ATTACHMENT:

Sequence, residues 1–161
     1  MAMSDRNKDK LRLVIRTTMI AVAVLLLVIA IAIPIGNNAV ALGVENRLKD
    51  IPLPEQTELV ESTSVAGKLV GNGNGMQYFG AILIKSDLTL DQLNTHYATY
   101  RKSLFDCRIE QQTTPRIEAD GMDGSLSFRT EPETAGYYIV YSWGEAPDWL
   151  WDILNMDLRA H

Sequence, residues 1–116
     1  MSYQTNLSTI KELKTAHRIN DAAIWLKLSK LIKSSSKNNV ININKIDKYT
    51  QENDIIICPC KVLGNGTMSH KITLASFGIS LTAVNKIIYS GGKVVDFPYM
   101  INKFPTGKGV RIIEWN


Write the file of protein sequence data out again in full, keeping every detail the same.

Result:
Sequence, residues 1–161
     1  MAMSDRNKDK LRLVIRTTMI AVAVLLLVIA IAIPIGNNAV ALGVENRLKD
    51  IPLPEQTELV ESTSVAGKLV GNGNGMQYFG AILIKSDLTL DQLNTHYATY
   101  RKSLFDCRIE QQTTPRIEAD GMDGSLSFRT EPETAGYYIV YSWGEAPDWL
   151  WDILNMDLRA H

Sequence, residues 1–116
     1  MSYQTNLSTI KELKTAHRIN DAAIWLKLSK LIKSSSKNNV ININKIDKYT
    51  QENDIIICPC KVLGNGTMSH KITLASFGIS LTAVNKIIYS GGKVVDFPYM
   101  INKFPTGKGV RIIEWN